always have, and I do now.”
“But aren’t you angry?”
“You keep going on
about that. What good is it to be angry?” She sat in the dust, picking a fish
“Because humans did
this,” said the boy, gesturing to the trees. “They choked the sky and they
felled the trees, filled in the rivers, stopped up the rivers, and rent the
“And you think the
warming of late is their fault?”
“They did all the
things you mentioned,” said the bear, “but warming happens and cooling happens.
Without warming we’d be stuck in an ice age still – that was a terrible time,
let me tell you. In such turnings, who adapts survives, and who does not adapt,
perishes, and this has been the way of the world since the world was made.”
“But this is worse than
“Can’t you get at least
a little worried?”
“I wonder,” said the
bear, “how are your people, your humans, adapting?”
“I don’t know. Some of them try to. Some of
them refuse. Some of them make their habits worse. Some of them make their
habits worse out of spite.”
“Then they will
“But – ”
“The wind and the water
swirl on, and hear no objections. If your people do not adapt, they will
dwindle, perhaps to perish. That is final.”
“Cries of mercy are
lost in the roar of the ripping wind and the crashing wave,” said the
bear. “That is final.”
The boy raised a finger,
as if to make a point, but the bear wandered off without a word.
The strapping boy stood
before a fallen tree, in the deep snow. The sun was getting low in the winter
sky, and the deep blue shadows of the bare forest were deepening.
The boy wiped the sweat
from his brow, put his axe down, and surveyed his handiwork.
The great bear came padding through the snow,
faster, running. Roaring. She swept at the boy, and knocked him down.
“What?” he said. “What
did I do?” He started to reach for his axe, then stopped.
“I didn’t want you to
fell any trees!” said the bear, rearing up. “You’ve been told to behave, or
else you die! You oaf! What have you done?”
“I thought you wanted
the canopy opened,” said the boy.
“That doesn’t mean you
do it!” said the bear. “You’re just supposed to let it happen on its own! This
forest is not yours to destroy!”
“I wasn’t going to
destroy it,” said the boy, “I just wanted this one tree.”
“For what? Firewood?”
“I thought of building
a shelter,” said the boy. “Maybe a tiny cabin.”
“Home isn’t good
“It took me enough
effort to get back into there, and its peace is becoming increasingly unstable.”
The bear sank to the ground. “I showed
you how to dig a warm cave. Isn’t that good enough?”
“I guess I’m just
wanting windows,” said the boy. “Some luxury in this place.”
“Windows? Luxury? I
know neither of these words. I won’t let you build a cabin. What do you think
would happen if everybody built a cabin in these woods, out of wood from these
“No more woods?”
“No more woods.” She
looked at the axe. “As has happened time and again.” She turned her head, and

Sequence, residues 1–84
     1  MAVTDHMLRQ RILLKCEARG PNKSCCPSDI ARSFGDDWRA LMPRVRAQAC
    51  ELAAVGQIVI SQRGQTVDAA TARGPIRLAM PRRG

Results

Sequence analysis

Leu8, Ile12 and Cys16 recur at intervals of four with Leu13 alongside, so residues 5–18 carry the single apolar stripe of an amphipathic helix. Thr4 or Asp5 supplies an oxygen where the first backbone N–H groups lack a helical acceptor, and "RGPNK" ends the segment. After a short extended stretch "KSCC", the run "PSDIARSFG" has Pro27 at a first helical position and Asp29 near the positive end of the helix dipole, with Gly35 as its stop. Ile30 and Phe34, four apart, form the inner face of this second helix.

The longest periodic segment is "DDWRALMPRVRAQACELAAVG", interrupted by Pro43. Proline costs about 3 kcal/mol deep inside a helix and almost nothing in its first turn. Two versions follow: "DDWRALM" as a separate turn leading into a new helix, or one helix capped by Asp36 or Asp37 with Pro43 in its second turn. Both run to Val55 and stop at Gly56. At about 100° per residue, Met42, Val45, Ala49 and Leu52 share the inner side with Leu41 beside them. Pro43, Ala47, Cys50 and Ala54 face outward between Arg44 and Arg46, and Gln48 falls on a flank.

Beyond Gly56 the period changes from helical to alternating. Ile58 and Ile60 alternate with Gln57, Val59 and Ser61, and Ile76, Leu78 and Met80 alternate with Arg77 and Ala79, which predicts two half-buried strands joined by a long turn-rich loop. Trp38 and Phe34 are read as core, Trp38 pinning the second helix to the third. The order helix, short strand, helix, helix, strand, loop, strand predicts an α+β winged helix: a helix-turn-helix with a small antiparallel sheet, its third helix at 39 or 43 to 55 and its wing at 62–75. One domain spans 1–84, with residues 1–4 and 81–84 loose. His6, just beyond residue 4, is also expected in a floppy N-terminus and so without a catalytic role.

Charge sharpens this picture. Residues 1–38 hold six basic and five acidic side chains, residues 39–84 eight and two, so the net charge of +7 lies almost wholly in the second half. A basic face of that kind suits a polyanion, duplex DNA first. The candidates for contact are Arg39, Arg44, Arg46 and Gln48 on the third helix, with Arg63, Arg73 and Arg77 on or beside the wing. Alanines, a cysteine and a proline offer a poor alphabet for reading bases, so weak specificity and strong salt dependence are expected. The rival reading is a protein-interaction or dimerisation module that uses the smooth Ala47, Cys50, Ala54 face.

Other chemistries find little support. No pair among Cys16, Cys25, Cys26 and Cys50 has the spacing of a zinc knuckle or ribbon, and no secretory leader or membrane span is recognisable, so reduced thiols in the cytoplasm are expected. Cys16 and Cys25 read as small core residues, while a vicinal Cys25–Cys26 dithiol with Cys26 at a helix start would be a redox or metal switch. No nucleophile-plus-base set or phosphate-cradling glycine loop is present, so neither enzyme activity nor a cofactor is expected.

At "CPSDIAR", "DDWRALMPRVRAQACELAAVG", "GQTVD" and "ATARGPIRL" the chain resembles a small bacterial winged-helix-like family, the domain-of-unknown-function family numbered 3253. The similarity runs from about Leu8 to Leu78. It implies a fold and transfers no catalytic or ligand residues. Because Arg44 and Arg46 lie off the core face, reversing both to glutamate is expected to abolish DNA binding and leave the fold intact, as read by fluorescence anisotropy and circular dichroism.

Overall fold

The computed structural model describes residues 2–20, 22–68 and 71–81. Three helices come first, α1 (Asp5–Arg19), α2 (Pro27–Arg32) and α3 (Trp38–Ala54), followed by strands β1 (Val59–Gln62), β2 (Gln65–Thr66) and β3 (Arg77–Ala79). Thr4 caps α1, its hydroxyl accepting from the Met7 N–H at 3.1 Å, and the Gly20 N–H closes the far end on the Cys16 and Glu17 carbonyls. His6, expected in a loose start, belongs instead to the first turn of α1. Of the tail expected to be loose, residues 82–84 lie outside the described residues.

gazed off into the distance. “You are human. Can you not stick to the city?”
“The city? Of all the
people you could say that to, you choose the one who’s been exiled from the
city in the first place! I tolerate the city. I do not love it.”
“It is where humans do
the least damage.”
“And my home? With all
that’s happened there?”
“How long will you run
from your problem? You have come to me for aid and comfort. But I cannot solve
your greatest problem. That’s up to you.”
“Go home, cub, and
determine if your home is truly lost to you. Then come back to me.”
“But – ”
“ Go home, cub, or I will not hide this axe
for you, and I will bring down the wrath of the other bears upon you.”
“And if you fell trees
in this place again, I will kill you myself.”
“You never make good on
“Do you want to find
out? I have covered for you enough. Go.”
“I’m going,” said the boy.
He scampered through the snow.
The strapping boy stood
between the thick, wet leaves, looking out at the dusty clearing that baked in
Large yellow machines
idled, amidst the holes where stumps had been. It had been a rainy spring, but
this clearing was dry today, full of cracked earth where damp leaves had been.
It was dead.
Great Bear stood
“This is your forest,”
whispered the boy.
“No it isn’t,” said the
bear. “I just live here. Can’t say I own the place. Nobody can.”
“Well, these people are
trying to say so,” said the boy. “Why don’t you do something about it?”
Great Bear huffed, and
said, “There’s nothing I can do.” She turned, and lumbered away. Soon she was
out of sight.
“I – what?” Said the
boy. “I don’t understand you! You say you’ll kill me for cutting down one tree,
and then you just let these people chop down a whole clearing? What’s the
matter with –”
“What’s all this
racket?” said a burly man, brushing the leaves aside. “Hey!” He turned to the
work crew. “It’s that kid the police are looking for! Catch him!”
“Oh, just leave me
alone,” said the boy, and he scrambled up a tree. “You can’t cut down trees
fast enough to catch me!”
He ran to the end of a
large branch, leapt to another tree, and soon was lost to his shouting
Great Bear: Part 2 —>